Obscure apparitions, the sound of a dumb waiter and red handprints on beds, among the ghostly phenomena in the French Market Inn, New Orleans; the spectral Madame said to haunt the bar of the Prince Conti Hotel in New Orleans; how Marie Laveau performed her St John's Eve Voodoo rituals at Lake Pontchartrain; the apparition of a Capuchin monk seen on Pirate Alley (Pirates Alley) in New Orleans; the ghost of the buccaneer Renato Beluche in Madame John's Legacy (now a museum that featured in the movie Interview with the Vampire), New Orleans; the hands-on but friendly ghost of a woman on the ninth floor, and the spectre of blues pianist Isidore "Tuts" Washington in the bar, at The Pontchartrain Hotel in New Orleans; the ghost of the smuggler and buccaneer Jean Lafitte, as well as the spectre of a Voodoo priestess believed to be Marie Laveau, haunting Lafitte's Blacksmith Shop Bar in New Orleans; the ghost of a sergeant seen in Fort Pike, New Orleans; the little ghost girl who still searches for her grandmother, as well as spectral music, in the Place D'Armes Hotel, New Orleans; hauntings at the gothic, castellated, Old State Capitol in Baton Rouge; ghostly cows at the Oak Manor Cow Graveyard, Houma; the phantom little girl in a blue dress that haunts the mansion of the Houmas House Plantation, Donaldsonville; the spirit of the Voodoo priestess Julie Brown, who predicted that the town of Frenier would die with her, still haunting Manchac Swamp, along with ghostly victims of the 1915 hurricane, close to the town that was destroyed on the day of her funeral; invisible ghosts in the Spanish Moon (its website describes itself as a student music dive) in Baton Rouge; the vampires that slept, by day, in caskets on the third floor of the Old Ursuline Convent (now a museum), before their nightly predations upon the residents of the French Quarter of New Orleans; and rougarous / lougarous (the local werewolves or loups-garous), are more weird folklore associated with Louisiana.

    The phantom bride seen running near the Parlange Plantation House, Baton Rouge; the woman in white who haunts the Ardoyne Plantation, Schriever; the ghost of a janitor that haunts the Presbytère in New Orleans; the vampire in 19th century attire that stalks the French Quarter of New Orleans in search of female victims; the crow possessed by the spirit of Voodoo priestess Marie Laveau, that watches over the Greek revival style Laveau-Glapion tomb, in St Louis Cemetery No 1, New Orleans; spirits both ethereal and liquid in Pat O'Brien's bar, New Orleans; the spirit of Emile Commander haunting his Commander's Palace restaurant, serving Creole dishes since 1880 (remember to walk around the very haunted Lafayette Cemetery No 1 across the road); phantom gunshots heard near Arcadia, where Bonnie and Clyde were shot dead; the belief that if a Voodoo offering is made at her tomb in St Louis Cemetery No 1, New Orleans, the spirit of Marie Laveau will grant a wish; the many ghosts that haunt the road leading to the Laurel Valley Village Plantation, Thibodaux; the emerald-headed King Snake, a god to Native Americans, which dwells in a crystal cave in the Caribbean but sometimes emerges with a light display that can be seen from far away; the ghosts of a man, a boy and a girl in the San Francisco Plantation House, Reserve; phantoms of an angry slave and a weeping woman at the Myrtles Plantation in St Francisville; paranormal phenomena at the Quality Inn & Suites Maison St Charles in New Orleans; the ghosts of former owners haunting the Destrehan Plantation, Destrehan, where construction of the mansion began in the eighteenth century; the phantom Confederate soldiers and "working girls" said to haunt the Dauphine Orleans Hotel in New Orleans; psychic readings and the ghost of an octoroon lady in the Bottom of the Cup Tea Room, New Orleans; and hauntings of the Rosedown Plantation in St Francisville, are yet more strange folktales of Louisiana.

    Attractions and Sights/Places to See in Louisiana

    The eighteenth century St Martin Catholic Church, with its statue of Longfellow's Evangeline (his inspiration Emmeline Labiche is interred here) in St Martinville; the gothic style Old State Capitol in Baton Rouge; Sci-Port Discovery Center in Shreveport; St Louis Cemetery No 1 in New Orleans; the Destrehan Plantation, Destrehan; the architecture, music, restaurants and shops of the old French Quarter of New Orleans; the Melrose Plantation, Natchitoches; the Laura Plantation, Vacherie; the famous Audubon Zoo in New Orleans; Mardi Gras World in New Orleans; The R W Norton Art Gallery in Shreveport; the annual Mardi Gras (Fat Tueday) celebration in New Orleans, starting on the weekend before Ash Wednesday and finishing on Tuesday; the DeQuincy Railroad Museum in DeQuincy; the Ormond Plantation, Destrehan; the Acadian arts and crafts museum of Vermilionville in Lafayette; the Rosedown Plantation State Historic Site, St Francisville; the Audubon Aquarium of the Americas in New Orleans; the National WWII Museum in New Orleans; USS Kidd and Veterans Memorial in Baton Rouge; and the much-filmed Lafayette Cemetery No 1 in New Orleans, are among the attractions of Louisiana.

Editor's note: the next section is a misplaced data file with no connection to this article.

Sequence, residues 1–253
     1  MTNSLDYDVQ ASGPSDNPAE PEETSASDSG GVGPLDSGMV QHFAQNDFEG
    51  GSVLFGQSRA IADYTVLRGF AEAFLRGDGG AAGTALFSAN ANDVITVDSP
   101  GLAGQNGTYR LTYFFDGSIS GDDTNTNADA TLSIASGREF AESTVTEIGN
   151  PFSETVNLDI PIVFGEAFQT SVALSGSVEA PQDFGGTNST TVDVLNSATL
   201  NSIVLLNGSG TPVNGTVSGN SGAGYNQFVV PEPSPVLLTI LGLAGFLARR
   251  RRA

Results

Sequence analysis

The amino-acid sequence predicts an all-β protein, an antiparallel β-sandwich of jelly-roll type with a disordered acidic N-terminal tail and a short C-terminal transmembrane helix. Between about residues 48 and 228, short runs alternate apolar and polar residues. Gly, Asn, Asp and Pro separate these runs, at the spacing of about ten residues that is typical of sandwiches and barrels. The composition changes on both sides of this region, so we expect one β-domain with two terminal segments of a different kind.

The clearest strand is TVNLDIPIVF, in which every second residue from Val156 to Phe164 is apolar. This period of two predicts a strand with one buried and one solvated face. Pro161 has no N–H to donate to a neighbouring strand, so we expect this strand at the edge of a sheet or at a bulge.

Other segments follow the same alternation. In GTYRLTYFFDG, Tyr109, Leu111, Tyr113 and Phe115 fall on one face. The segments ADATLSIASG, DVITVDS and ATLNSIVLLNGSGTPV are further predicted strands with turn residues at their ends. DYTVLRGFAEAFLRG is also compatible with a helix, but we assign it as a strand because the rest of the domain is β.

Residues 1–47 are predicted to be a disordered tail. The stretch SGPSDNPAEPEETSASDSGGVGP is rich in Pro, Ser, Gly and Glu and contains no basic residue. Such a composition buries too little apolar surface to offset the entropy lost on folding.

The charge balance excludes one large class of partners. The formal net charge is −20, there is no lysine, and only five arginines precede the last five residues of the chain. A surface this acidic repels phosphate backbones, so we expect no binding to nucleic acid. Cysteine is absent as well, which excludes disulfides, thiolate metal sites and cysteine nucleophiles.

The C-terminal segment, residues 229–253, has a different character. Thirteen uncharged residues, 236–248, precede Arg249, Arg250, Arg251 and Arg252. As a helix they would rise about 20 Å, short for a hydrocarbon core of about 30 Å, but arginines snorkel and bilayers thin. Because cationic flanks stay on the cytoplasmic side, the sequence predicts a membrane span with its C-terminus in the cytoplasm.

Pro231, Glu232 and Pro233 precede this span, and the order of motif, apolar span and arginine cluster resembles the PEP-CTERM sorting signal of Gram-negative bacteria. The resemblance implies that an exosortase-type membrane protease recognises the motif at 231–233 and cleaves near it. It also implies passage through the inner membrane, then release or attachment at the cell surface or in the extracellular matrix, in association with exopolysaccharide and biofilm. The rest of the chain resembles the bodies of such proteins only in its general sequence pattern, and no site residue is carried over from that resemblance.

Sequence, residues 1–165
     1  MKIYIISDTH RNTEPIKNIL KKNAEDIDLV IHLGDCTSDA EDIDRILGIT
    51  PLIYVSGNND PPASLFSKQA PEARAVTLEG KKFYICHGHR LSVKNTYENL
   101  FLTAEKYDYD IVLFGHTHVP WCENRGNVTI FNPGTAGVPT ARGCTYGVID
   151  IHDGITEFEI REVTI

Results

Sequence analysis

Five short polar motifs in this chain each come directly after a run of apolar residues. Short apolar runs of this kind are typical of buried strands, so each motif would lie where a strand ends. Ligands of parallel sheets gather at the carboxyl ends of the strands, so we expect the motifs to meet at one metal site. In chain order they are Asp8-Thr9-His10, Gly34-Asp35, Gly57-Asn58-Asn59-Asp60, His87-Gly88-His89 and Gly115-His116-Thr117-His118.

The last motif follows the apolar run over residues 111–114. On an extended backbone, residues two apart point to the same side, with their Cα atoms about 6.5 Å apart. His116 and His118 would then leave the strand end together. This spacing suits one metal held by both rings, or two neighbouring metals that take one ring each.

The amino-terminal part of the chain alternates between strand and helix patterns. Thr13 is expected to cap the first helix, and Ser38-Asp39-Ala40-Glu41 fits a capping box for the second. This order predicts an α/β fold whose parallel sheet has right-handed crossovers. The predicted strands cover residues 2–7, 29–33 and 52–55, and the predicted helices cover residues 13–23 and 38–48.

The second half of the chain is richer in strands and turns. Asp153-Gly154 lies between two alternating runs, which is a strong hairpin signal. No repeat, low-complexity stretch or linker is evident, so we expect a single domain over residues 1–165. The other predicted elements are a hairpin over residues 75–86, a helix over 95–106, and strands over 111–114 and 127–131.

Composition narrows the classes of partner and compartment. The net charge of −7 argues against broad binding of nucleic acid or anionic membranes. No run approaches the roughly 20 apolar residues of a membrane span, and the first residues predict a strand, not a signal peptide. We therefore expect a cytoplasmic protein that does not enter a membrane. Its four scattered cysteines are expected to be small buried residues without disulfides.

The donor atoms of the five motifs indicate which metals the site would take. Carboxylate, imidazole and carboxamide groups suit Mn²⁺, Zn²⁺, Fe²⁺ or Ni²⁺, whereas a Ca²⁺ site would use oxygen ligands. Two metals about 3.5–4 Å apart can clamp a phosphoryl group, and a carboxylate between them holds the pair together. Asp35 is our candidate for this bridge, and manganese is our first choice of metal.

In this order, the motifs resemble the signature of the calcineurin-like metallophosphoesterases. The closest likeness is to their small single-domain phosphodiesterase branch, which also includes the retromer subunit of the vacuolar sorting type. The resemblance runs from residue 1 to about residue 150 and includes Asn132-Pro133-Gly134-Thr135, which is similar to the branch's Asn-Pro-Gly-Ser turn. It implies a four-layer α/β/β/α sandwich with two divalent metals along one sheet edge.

America welcomes careful drivers; also pilots and passengers, for that matter. Be as familiar with famous places as you might like to be with famous people. Dallas, Juneau, Chicago, Philadelphia, Atlanta, Anchorage, Sitka, San Francisco, San Diego, Seattle, Boston, New Orleans, St Louis, Los Angeles, Savannah, Corpus Christi, Washington DC, Fort Lauderdale, Detroit, Minneapolis, Sacramento, Fairbanks, Santa Fe, Miami, Honolulu, Phoenix, Atlantic City, Salt Lake City, Las Vegas, Albuquerque, Kansas City, Lake Tahoe, Houston, Indianapolis, Skagway and New York. If you have seen those cities, you have at least seen the most famous ones in the USA. Visiting all fifty states is something that even most Americans cannot manage but it is possible to visit those cities, as well as other iconic destinations such as The Grand Canyon, the Everglades, Mount Rushmore, Bryce Canyon, Yellowstone National Park, the Okefenokee Swamp, Yosemite National Park, Mount Rainier National Park, Hawaiian volcanoes such as Mauna Loa, Glacier Bay National Park, the beach at Waikiki in Hawaii, the wild west town of Tombstone, Marvellous scenery and sea life in Kenai Fjords National Park, the California coastline, the Appalachians, the plantations and bayous of the Mississippi Delta, Route 66, the Ozarks, Mount McKinley and fabulous wildlife in Denali National Park, the Adirondacks, Niagara Falls, the Arctic wilderness of Alaska, Native American nations such as the Navajo and the Hopi, the Florida Keys, rodeos and the Disney resorts. Casually mentioning places that you have visited can be as impressive as mentioning the names of celebrities that you have met. Whether you travel America for business or pleasure, enjoy your journey.